Russian oligarchs look to unload art at European galleries

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Russian oligarchs have been quietly trying to unload some of their pricey artworks with European galleries, sources told Page Six, as the billionaires worry their works could be seized as part of sanctions against them.

“About six Russian oligarchs are trying to quietly sell major works by Picasso, Warhol, Jeff Koons, Modigliani, Kandinsky, Damien Hirst and Basquiat in the $30 million to $100 million range,” an art insider said.

“They are looking to cash out quickly as they are afraid the collections will be seized.”

However, the source added that it’ll be difficult for the Russian moguls to unload the art. So far, the galleries won’t touch the stuff.

“With the landscape of sanctions changing so rapidly, that person you do a deal with now may be on a sanctions list two weeks from now,” one expert told Bloomberg.

“Presumably, a person who’s hit the sanctions list would want to move their art out of harm’s way. But anyone who helps that kind of move, if it’s prohibited, would be crazy to be involved in it,” another expert said.

“You’re not going to get a shipper to help move the work, you’re not going to get a lawyer to help with the transaction; no insurance company will engage. You can probably take a minivan yourself and drive the art into the countryside, but that’s about it.”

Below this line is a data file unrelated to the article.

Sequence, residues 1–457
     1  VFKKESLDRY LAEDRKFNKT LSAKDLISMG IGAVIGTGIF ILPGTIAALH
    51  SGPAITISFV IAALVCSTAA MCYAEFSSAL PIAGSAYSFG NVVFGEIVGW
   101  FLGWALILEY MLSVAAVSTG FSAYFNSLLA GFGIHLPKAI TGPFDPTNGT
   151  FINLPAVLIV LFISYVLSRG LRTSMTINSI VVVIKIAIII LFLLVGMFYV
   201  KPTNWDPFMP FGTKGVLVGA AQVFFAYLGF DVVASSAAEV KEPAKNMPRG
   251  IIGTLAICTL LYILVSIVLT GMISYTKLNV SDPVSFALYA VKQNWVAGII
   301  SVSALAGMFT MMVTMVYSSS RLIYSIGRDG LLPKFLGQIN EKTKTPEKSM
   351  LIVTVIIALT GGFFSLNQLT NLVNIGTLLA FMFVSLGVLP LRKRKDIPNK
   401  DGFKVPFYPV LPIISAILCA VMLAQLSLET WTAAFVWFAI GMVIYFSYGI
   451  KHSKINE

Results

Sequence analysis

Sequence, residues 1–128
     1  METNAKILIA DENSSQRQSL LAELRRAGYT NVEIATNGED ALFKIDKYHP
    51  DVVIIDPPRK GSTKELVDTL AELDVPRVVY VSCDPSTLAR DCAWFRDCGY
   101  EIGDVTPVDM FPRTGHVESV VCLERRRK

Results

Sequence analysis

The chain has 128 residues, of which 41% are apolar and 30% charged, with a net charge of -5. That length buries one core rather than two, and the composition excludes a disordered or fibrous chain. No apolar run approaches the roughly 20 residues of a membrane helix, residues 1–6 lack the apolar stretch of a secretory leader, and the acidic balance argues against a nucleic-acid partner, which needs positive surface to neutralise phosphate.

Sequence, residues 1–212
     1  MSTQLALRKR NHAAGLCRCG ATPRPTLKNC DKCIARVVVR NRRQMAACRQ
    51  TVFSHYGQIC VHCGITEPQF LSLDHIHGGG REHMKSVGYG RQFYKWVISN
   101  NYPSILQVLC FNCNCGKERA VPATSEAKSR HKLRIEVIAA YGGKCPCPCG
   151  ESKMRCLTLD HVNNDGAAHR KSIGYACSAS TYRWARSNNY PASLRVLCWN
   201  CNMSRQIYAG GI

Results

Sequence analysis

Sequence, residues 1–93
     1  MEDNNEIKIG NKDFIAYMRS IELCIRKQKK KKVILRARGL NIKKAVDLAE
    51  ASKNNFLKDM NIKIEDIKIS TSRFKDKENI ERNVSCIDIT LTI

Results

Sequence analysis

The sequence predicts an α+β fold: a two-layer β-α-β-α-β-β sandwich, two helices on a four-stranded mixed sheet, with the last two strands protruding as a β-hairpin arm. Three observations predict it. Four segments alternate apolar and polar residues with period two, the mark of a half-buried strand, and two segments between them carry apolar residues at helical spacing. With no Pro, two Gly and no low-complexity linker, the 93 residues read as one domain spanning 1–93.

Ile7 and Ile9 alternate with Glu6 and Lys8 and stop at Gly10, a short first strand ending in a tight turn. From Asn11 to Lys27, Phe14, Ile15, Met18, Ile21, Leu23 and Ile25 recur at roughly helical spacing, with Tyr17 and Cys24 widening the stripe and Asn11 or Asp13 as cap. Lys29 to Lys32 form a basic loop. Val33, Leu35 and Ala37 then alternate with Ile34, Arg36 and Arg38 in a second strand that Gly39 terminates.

Some Russian players have art stashed in “free ports,” the warehouses where the superrich keep valuables tax-free and their names don’t always need to be known.

But with Switzerland slapping down sanctions, “Oligarchs are nervous the art will be confiscated,” said our source. “Some of it is being brought back to Russia to escape seizure.”

Russian tycoons have become major players in the art world.

Reports have said that Petr Olegovich Aven, who heads Russia’s largest commercial bank, has left the board of London’s Royal Academy, while Vladimir Potanin stepped down from the Guggenheim.

The sanctions have been an attempt to pressure Vladimir Putin’s inner circle.

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